• Eliza Ellis

30 Minutes to Inbox Zero

I know what you're thinking, but inbox zero is not a unicorn - it actually does exist, and you can achieve it way easier than you think.

At the moment, I'm managing four work inboxes - and getting bombarded with emails - so email zero has become my new best friend. I mean, I don't literally have zero in my inboxes, but there are rarely more than a dozen things sitting there - and it's so easy when I need to jump back in to that role.

Cleaning out you inbox is a bit like cleaning out your car - you put up with the mess and ickyness for ages, always thinking 'I so need to clean that, but I so don't have time now'. And then you actually do it, and every time you get in your lovely spiffy car, you think 'Oooh, pretty! Why didn't I do this ages ago?'

30 Minutes to Inbox Zero - Nope, inbox zero is not a unicorn, and yes it is totally do-able in 30 minutes! // Eliza Ellis

Well today, lets clear out your emails, get rid of the icky stuff, and you'll have a clean and shiny inbox... you might even say something silly like 'Oooh, pretty!' every time you open your emails (don't stress, I won't judge :).

This is my personal method for doing email zero - for all my Girl Friday jobs as well as the blog. It won't take long - only about 30 minutes, and at the end, I'll list my top tips for maintaining it too :)

Six easy steps to achieving inbox zero:


First things first, set up your filing system. Mine is super simple: I just archive everything. If I need it, I'll search for it. Easy. Sometimes though, it's good to have folders - to split correspondence between clients or projects. Either way is fine, but if you do have folders keep them simple - the more complicated the filing system, the harder it is to maintain.


If your inbox is massively out of control, just grab everything over 2 months old and archive it. If you're using files, stick it all in a folder called 'Old Stuff'. Or, if you're sure there's nothing important in there, just delete it. Either way, none of it is current, and it's not worth spending hours going through it all. If you need it, you can search for it, and if it's super important, I'm sure they'll send you another email!


Delete the junk. You know what it is - the newsletters you never read, the chain store promos, the mailing lists you can't even remember signing up for. A quick way to get rid of it all is to search by sender; this brings up every email from them on one page and you can just select a page at a time to delete (or Ctrl + A to select them all in Outlook.) This makes a huge job really quick, so go through and delete as much as you can.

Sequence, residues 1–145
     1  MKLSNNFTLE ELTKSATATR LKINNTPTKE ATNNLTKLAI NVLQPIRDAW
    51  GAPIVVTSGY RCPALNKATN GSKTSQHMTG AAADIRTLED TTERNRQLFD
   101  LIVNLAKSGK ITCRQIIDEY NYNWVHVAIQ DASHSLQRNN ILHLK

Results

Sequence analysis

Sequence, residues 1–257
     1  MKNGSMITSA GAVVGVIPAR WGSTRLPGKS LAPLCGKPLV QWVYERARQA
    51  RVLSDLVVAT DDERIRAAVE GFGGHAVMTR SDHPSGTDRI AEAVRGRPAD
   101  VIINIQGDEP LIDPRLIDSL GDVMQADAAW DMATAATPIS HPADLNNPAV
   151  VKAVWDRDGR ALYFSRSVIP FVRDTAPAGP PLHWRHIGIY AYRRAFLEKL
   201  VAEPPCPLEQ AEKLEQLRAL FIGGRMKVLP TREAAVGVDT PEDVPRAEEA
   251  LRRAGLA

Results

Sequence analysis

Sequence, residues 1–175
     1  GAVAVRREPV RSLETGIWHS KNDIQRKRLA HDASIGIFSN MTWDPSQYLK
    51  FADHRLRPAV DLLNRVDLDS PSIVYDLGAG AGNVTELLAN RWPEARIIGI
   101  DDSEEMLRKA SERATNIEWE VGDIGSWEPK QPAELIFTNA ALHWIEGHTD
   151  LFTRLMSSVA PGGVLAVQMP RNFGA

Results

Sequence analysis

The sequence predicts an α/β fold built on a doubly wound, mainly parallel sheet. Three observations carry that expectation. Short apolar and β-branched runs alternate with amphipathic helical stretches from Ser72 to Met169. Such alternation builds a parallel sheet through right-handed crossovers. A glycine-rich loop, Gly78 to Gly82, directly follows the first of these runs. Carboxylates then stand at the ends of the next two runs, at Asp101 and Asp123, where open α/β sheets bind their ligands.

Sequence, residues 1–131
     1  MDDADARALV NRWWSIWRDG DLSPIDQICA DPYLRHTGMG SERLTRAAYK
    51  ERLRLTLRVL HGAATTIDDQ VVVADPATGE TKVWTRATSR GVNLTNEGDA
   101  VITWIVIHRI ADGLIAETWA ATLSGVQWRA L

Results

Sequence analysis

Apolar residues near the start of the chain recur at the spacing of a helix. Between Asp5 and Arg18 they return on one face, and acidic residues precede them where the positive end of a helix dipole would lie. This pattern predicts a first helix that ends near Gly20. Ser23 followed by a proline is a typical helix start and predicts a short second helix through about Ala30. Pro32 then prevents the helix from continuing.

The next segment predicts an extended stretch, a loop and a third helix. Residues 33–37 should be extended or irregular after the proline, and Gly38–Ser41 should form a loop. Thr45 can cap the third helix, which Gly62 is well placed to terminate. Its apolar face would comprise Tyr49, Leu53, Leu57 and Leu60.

Jump over to your Junk folder and check there's nothing important in there - just move anything you need to the inbox and delete the rest. Then go through your Drafts and delete all those random emails that never got sent. Be ruthless - most of this stuff you won't need to keep.


Your inbox should be looking really good now! Go through and find everything you need to keep, but doesn't need any follow up - think bank notifications, paid invoices, receipts and confirmations. Grab all this, and either file it in your folders or just hit archive.


By now, everything left should be important and need follow up action. Grab your planner, and go through each email. If it only takes a minute to respond, do so and archive/file it - it's done! The trick to a really effective inbox is to only file/archive things once they're done - so either deal with each email in your inbox, or add it to your to-do list. Leave what hasn't been dealt with in your inbox and you're done!

Time for a huge sigh of relief - you've done it! Which is great... but the goal is to keep it looking that way.

So How Do You Maintain Inbox Zero? Here are my top tips.


Quite a few apps now (Outlook, Email and I think Boxer), allow you to customize the swipe shortcuts. So I have all the inboxes on my phone set to Delete if I swipe left, and Archive if I swipe right. This is the most brilliant thing, and it makes keeping on top of a mountain of emails as easy as swishing my finger.


I've just started using rules in Outlook, and it's great. We have a few tech subscriptions where I can receive 50 odd updates a day - all of which I need to keep, but none of which I really need to read. I just made a rule to move everything that came in from those email addresses into a separate folder, and voila - it cut the clutter in my inbox in half, and saved heaps of time moving them around manually.


I know it's a pain, but if you unsubscribe from things you don't read and don't want as they come in, you'll have way less clutter, and way less to sort through. Or you could just make a rule to delete it all...


Notification settings are a big one, and so easy to change. Just log in to your social accounts and turn off as many as you can. If you do this, it'll also mean that one day when something really important does come through, you're less likely to miss it.


You don't need to literally have nothing in your inbox, or reply to all emails everyday - I don't. But you do need to give them a quick look over, and delete and archive everything you can. It only takes a minute or two - especially if you use swipes - and then it's done

So how did you go? Is you're inbox looking all beautiful and clean now?

Like I said at the start of this post, it's not hard to get to inbox zero, and with a few tricks, it's not hard to maintain - and you'll be so much more organized and focused, and way less likely to miss important stuff.

If you're looking for more organizing posts, just scroll down for suggestions - and don't forget to sign up for my newsletter along the way... (I promise not to fill your inbox with junk lol :)

All the best,



#emails #clutter #getmoredone


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